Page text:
Post time: 2020-11-02 16:16:22
If you do a quick search online, you'll find that the popularity for solar lights has surged in the past 5 years due to emerging green technologies and rising energy costs. Among this shift in moving towards more renewable energy sources for lighting, an important question is being raised: how much do solar street lights cost compared to traditional street lighting? To solve this mystery, our expert team of engineers gathered the necessary information to provide a cost analysis of each lighting system. The total street light costs may surprise you, but we reveal all of our information in this unbiased review below.
Traditional street lighting is defined as "any electrical light used for street lighting," which most commonly uses metal halide or high-pressure sodium technology for lights. The average cost of one light, including the lighting fixture, pole, and base, averages at $2000. Not bad for the cost of one street light.
Solar street lights utilize fixtures connected to a (typically) silicon-based solar panel to garner electricity through a process called the photovoltaic effect, which converts light into usable voltage. These lights reside off the main power grid and can be installed in remote locations. Because of the advanced technology required for solar lights, they are more expensive, averaging about $3000 per light. That includes the light fixture, the solar panel, controller, pole, and the smaller components that make up the light. Because of the advanced technology behind a solar street light, the street light cost is admittedly higher. But oftentimes the up-front pricing for traditional lights is more deceptive because people often forget about what costs a lot more: the electrical infrastructure.
The price for a solar street light may initially be a deterrent for interested parties until you scrutinize the monetary details. The biggest difference between the price of traditional and solar lights lies in fees associated with building the electrical infrastructure for traditional lighting.
Traditional lights are connected to a standard electrical grid to garner their power, which requires trenching and underground wiring. When adding in labor fees for trenching and wiring, this process can cost consumers about $40 per linear foot. The average cost of trenching and connecting for traditional lighting would then be around $3200, significantly higher than the price for a solar street light.
Because solar lights are autonomous and off the main grid system, consumers avoid the long and costly process of trenching and wiring. The price of the total cost of the lighting systems reduces significantly as a result, driving down the total cost for solar.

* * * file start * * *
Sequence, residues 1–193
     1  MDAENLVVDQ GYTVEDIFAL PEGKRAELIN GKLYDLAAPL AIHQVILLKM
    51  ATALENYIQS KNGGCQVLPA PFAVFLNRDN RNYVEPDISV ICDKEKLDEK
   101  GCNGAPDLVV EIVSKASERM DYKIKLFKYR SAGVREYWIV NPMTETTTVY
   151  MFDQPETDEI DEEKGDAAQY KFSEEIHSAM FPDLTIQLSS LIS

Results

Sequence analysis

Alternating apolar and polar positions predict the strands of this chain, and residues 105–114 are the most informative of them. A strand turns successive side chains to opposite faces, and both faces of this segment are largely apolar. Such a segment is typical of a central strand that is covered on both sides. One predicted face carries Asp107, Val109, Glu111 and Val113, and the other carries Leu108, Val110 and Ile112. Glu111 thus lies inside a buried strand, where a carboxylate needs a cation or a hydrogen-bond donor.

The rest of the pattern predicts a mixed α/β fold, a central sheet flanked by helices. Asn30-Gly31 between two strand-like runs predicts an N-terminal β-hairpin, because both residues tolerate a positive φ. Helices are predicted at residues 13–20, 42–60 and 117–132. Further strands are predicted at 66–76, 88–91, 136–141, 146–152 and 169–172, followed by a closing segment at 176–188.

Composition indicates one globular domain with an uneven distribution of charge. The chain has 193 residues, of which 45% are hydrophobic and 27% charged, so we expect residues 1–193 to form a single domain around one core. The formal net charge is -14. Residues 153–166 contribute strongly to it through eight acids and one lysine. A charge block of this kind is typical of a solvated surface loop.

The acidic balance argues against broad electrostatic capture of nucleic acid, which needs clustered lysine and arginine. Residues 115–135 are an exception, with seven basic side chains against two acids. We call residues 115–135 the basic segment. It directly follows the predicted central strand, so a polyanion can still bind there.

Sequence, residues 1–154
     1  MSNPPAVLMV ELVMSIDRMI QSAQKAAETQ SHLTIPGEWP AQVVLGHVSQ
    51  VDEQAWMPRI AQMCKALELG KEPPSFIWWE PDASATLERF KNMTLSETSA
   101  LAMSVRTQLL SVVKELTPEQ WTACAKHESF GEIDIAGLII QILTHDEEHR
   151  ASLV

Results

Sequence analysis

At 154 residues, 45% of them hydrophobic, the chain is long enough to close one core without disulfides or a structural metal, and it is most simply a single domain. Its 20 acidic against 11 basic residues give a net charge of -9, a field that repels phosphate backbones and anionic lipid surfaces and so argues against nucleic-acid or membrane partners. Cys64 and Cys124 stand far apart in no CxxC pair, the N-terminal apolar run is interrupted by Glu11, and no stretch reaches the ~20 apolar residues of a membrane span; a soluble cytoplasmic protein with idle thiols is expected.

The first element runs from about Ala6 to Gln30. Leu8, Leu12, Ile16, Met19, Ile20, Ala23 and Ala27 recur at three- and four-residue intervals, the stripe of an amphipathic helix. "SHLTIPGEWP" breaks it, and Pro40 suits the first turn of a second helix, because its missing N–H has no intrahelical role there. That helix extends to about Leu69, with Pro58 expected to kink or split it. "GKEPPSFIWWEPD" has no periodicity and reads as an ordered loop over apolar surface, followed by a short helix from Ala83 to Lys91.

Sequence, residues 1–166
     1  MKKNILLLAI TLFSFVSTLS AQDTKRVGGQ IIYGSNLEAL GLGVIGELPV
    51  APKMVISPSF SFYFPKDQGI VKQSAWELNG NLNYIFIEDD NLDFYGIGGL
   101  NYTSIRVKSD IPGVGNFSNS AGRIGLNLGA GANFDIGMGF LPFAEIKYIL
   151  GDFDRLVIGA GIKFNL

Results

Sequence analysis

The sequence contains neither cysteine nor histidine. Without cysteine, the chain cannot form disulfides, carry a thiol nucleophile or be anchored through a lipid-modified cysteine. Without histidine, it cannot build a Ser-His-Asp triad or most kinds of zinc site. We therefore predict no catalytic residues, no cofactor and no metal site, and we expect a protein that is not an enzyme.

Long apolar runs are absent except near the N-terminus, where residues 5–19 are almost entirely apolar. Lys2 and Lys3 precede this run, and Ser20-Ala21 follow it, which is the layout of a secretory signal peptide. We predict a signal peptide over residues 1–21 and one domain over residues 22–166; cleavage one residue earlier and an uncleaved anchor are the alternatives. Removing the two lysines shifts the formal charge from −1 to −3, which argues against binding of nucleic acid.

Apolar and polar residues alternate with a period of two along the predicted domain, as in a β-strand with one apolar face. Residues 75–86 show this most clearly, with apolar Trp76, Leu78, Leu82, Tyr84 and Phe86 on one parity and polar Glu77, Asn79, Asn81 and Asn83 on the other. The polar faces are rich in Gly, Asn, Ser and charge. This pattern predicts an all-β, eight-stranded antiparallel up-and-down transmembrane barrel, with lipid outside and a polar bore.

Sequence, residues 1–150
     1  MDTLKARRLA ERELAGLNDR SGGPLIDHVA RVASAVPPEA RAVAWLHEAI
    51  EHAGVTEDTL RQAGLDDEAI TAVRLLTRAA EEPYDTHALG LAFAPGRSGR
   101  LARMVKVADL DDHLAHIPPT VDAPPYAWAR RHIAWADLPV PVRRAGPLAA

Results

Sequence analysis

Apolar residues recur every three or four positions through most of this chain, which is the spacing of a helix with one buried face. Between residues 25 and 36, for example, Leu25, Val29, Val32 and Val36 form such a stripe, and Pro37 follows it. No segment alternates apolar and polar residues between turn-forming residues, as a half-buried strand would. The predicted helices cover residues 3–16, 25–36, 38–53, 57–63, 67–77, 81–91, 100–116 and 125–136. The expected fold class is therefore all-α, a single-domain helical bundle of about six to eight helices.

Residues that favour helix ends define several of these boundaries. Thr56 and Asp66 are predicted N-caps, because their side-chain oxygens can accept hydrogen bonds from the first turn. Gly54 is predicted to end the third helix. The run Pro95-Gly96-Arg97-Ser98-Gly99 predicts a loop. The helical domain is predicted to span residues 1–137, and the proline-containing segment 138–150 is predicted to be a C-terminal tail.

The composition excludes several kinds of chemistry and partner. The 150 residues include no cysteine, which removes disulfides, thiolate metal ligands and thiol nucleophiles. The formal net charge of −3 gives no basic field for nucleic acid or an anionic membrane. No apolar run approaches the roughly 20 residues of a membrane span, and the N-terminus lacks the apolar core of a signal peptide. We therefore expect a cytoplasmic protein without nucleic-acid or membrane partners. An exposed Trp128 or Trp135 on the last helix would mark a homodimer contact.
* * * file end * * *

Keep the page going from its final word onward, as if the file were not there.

Solar lights are most efficient when we pair them together with LED technology to light an area of concern. You may think that solar LED lights require higher maintenance and upkeep levels in comparison to traditional lights. Truth be told, solar lights actually require less maintenance than traditional lighting systems. The typical lifespan for a traditional street light averages around 5,000-8,000 hours, which is slightly less than a year of usage, while solar LED lights last 5-7 years. The secret is in the technology of LEDs—they're much more efficient with power than traditional methods of lighting and slowly degrade over time instead of burning out in an instant.
While solar lights get repaired less frequently, the cost of each repair is higher. The battery of a solar light needs to be changed every 5-7 years. The cost of 2 batteries and labor for those changes averages around $1000. This is only slightly higher than the cost of standard lights which is about $800 for standard maintenance fees.
Since solar lights gather their energy from the sun, there are no energy costs! Standard lights, on the other hand, accumulate about $1,200 in energy costs over 5 years by drawing power from the main power grid, and that's the energy cost of one street light. A system of ten lights will rack up a hefty bill over the course of 5 years. We're certain whoever is looking to purchase street lights would prefer lower energy costs. Solar wins in this category, hands down.
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